Over 130 years later, this conundrum continues to frustrate advertisers. The rise of direct marketing and more sophisticated segmentation has gone some way to eliminating the guess factor, but it is new advances in internet advertising that truly promise to show advertisers what's working and what's not.
In particular, the internet is allowing the rise of 'cost-per-sale' advertising – meaning that advertisers only pay when consumers actually buy as a result of clicking on the ad. The concept of 'cost-per-click' has been around for some time, but this takes it one step further. It promises to eliminate the Wanamaker paradox.
An innovator of this model is internet entrepreneur Bill Gross. It was Gross who came up with the idea of cost-per-click advertising, which 'inspired' the founders of Google to develop a similar model for AdWords – which has proven to be the driver of Google's astonishing advertising success.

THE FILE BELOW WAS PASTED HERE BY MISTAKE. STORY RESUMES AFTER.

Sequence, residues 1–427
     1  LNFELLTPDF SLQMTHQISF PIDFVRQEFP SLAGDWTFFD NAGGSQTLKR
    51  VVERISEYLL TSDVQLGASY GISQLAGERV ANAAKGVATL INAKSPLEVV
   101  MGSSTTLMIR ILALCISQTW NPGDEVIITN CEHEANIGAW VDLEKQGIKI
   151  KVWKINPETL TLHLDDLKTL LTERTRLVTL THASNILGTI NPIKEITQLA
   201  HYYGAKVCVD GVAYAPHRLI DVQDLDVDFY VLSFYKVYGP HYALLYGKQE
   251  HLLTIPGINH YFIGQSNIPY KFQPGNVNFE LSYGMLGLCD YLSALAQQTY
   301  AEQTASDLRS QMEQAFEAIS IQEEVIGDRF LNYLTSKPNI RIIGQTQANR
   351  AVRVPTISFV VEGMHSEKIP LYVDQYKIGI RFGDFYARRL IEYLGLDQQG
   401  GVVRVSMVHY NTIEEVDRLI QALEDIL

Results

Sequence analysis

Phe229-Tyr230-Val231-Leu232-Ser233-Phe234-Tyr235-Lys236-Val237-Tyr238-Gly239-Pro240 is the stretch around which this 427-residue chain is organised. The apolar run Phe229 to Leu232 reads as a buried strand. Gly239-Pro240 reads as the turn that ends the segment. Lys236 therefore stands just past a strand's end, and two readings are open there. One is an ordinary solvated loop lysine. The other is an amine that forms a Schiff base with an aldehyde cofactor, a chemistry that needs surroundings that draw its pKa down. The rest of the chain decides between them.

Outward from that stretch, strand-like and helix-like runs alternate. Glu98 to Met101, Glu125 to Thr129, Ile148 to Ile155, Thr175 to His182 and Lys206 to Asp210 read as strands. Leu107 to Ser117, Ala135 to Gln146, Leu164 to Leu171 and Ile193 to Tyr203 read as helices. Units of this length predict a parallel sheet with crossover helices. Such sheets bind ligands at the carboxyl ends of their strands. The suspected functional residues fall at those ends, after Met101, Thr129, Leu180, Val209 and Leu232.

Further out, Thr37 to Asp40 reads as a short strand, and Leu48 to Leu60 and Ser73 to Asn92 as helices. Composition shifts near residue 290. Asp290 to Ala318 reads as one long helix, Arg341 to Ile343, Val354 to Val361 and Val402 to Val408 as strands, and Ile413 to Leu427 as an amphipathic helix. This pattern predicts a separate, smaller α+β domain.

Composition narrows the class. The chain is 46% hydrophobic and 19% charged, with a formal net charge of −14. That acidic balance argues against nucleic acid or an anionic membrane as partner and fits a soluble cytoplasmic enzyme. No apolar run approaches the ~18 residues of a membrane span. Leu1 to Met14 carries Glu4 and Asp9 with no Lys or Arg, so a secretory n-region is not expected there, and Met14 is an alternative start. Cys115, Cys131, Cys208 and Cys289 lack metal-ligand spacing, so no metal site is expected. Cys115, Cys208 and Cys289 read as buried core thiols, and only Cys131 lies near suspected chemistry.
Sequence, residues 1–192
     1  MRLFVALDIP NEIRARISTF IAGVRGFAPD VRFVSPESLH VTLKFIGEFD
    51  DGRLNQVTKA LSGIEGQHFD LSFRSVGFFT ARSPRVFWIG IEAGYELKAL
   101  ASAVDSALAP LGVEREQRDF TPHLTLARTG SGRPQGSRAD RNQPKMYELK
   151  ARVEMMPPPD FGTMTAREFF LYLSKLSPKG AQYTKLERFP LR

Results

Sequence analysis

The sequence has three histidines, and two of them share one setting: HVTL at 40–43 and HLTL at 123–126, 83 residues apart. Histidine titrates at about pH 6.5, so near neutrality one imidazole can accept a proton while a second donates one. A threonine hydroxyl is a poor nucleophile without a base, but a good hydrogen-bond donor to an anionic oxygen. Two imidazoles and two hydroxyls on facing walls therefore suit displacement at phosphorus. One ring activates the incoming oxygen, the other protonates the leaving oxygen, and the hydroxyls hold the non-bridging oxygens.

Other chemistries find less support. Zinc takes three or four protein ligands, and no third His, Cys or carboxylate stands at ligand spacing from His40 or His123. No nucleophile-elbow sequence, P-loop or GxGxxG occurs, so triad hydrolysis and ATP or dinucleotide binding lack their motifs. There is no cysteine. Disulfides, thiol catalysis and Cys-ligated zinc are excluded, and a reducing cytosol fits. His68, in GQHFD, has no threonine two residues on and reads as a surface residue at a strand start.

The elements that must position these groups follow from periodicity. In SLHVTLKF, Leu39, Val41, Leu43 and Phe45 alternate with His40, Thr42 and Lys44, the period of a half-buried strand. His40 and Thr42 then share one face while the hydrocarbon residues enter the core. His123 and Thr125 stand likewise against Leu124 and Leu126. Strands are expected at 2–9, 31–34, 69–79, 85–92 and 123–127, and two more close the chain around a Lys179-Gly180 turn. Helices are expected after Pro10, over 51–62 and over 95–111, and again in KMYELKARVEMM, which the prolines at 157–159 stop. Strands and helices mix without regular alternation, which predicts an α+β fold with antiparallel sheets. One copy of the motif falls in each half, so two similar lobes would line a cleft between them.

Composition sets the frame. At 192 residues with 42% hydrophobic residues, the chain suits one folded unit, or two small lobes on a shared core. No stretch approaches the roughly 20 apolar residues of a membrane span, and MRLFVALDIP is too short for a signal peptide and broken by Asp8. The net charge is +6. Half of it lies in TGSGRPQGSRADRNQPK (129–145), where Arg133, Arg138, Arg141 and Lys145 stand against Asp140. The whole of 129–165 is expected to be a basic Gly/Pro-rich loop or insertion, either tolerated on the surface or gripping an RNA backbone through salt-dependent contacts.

Now, Gross has set up a search engine called Snap.com to put the idea of cost-per-sale into action. An airline advertising on the site, for example, will only pay for the ad when a consumer clicks its link and buys a ticket. Google is also exploring the idea and its new Google Checkout is partly designed to discover more about consumers who click on ads and then go on to make a purchase.
If, through new internet models like this, marketing can become more performance-based, then it can cease to be a cost-centre, assigned an arbitrary budget, which is often the first thing to be cut when business is bad. Instead, marketing has the chance to become a variable cost of production that measurably results in making more profit.
Experts also argue that if the web is truly a performance-based advertising medium, companies can use it to advertise far more of their inventory. Instead of focusing spend and attention on their 'star' products – companies tend to advertise only 5-10% of their wares – advertisers can put each product into the internet's infinite digital stream. This is called exploiting the economics of the long tail.
That, surely, is something the waste-averse Wanamaker would have approved of.
Source: The ultimate marketing machine
The Economist, July 6 2006
Review by James Curtis